Standby devices are installed near your home and are hardwired to a transfer panel. The transfer panel in turn is permanently connected to both the house wiring and utility lines. The standby generator is also hooked up to a fuel source, such as a natural gas, propane or diesel. Because this requires professional installation, it will always take a certain amount of time until you can begin using such a system. However, once it is installed, a standby model can be activated immediately (either manually or automatically) and effortlessly. It can then provide power practically indefinitely for as long as there is a flow of fuel.
Portable devices are intended to be stored indoors or under a roof and connected only when you need them. In an emergency or when away from the grid, you need to move them to the place, fill them with fuel, manually start up, and finally connect to your loads. Most portables are fueled from an on-board tank, which may need to be refilled as often as several times a day.
Trailer mount or towable generators have many of the features of stationary generators (such as automatic start with optional transfer switch) with added portability. They are often used as rental generators and can work in different commercial and industrial applications. Unlike other types, trailer mount models normally produce a variety of voltages. Besides 120/240 VAC single phase, they can usually provide three phase 208 VAC, 240 VAC, and 480 VAC. A rotary selector switch lets you choose a required voltage. This type is primarily for industrial buildings or large houses.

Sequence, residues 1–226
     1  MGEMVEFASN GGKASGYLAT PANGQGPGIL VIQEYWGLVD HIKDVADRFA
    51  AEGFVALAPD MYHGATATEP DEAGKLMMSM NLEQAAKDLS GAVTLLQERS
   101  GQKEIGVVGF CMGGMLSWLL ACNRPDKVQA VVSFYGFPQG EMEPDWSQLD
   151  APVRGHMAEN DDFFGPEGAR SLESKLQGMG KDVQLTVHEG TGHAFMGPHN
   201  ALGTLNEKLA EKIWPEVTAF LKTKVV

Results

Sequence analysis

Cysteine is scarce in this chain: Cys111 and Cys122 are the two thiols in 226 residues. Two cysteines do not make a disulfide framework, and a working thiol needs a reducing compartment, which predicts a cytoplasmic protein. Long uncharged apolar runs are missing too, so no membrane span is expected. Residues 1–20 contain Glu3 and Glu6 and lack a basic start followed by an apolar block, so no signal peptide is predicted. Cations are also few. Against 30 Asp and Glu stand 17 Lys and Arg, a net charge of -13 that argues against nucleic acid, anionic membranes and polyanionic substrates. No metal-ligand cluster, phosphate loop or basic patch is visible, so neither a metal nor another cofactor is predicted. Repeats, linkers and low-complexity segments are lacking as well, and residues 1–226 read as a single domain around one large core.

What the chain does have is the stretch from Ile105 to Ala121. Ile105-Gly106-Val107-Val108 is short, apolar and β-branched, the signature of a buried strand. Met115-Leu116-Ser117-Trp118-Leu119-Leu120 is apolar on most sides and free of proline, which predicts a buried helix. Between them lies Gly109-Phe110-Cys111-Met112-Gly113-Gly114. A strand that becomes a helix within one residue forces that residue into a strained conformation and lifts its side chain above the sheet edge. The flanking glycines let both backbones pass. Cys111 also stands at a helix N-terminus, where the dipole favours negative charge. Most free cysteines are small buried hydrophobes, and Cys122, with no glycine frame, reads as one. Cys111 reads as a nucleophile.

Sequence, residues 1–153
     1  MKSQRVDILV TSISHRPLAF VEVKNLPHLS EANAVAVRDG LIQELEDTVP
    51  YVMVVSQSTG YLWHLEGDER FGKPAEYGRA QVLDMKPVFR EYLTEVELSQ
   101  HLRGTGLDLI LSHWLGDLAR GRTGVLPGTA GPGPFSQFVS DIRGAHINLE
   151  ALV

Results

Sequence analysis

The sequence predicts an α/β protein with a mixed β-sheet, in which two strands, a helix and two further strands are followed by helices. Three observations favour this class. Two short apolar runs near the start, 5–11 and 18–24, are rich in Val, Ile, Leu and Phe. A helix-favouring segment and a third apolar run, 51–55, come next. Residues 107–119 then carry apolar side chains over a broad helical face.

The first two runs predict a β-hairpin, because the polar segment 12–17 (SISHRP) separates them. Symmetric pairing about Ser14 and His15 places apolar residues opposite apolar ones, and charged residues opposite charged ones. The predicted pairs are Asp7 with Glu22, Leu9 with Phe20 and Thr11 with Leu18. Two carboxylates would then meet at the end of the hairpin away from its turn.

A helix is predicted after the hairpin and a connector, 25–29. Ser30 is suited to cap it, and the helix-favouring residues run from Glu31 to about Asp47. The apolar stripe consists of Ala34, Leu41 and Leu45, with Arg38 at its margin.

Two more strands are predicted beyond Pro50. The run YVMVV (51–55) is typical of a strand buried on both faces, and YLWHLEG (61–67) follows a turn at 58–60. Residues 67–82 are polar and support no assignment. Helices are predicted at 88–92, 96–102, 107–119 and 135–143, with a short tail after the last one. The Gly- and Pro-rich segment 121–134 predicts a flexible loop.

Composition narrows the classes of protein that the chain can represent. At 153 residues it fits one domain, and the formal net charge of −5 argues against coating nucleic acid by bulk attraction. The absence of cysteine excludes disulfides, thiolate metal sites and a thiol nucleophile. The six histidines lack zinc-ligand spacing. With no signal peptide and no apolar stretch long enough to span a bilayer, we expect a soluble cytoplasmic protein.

Power takeoff (PTO) generators are the only type that does not include an engine and therefore is not a genset. They use a tractor’s engine to drive the alternator. Today’s tractor PTO shafts spin at 540 or 1000 RPM. For 60 Hz output this rotation is converted to 1800 or 3600 RPM of the gearbox shaft depending on the number of alternator poles. Of course, you need a tractor to drive a PTO. Therefore, this type is suitable primarily for a farm or a ranch.
RV generators are designed for powering recreational vehicle appliances, primarily air conditioners. Unlike other types, these models are often powered from the RV main gas tank and normally have a remote start.
HOW TO CHOOSE.
For most urban homeowners the main options are either fixed generator or a portable one. When selecting the type, basically you need to make a choice between cost and convenience. A portable genset can be much cheaper, but you have to be able to roll a few hundred-pound device and deal with a gasoline container, extension cords, and frequent maintenance. It you are the type person who can maintain and operate a snow blower, a portable generator may be for you. However, if you prefer to go to a mechanic when you want to check engine oil level– stick with a fixed one, which is the easiest type to use. Once it’s installed, it can do everything for you by itself- sense power outage, automatically start, and then automatically shut down when grid is back on. You don’t have to rise from your coach and don’t even have to be home. Needless to say, it costs more than portables and requires a costly installation of a transfer system and a fuel line.
The other important factor to consider is access to the fuel in an emergency. At the risk of stating the obvious, all gensets can generate electricity only for as long they are supplied with fuel. If you have a continuous supply, such as a natural gas line, you can be getting emergency power practically indefinitely. That’s why stationary devices are the only type of system suitable for long-term blackouts. However, if you chose a portable model that runs on gasoline, you may end up without fuel in less than a day.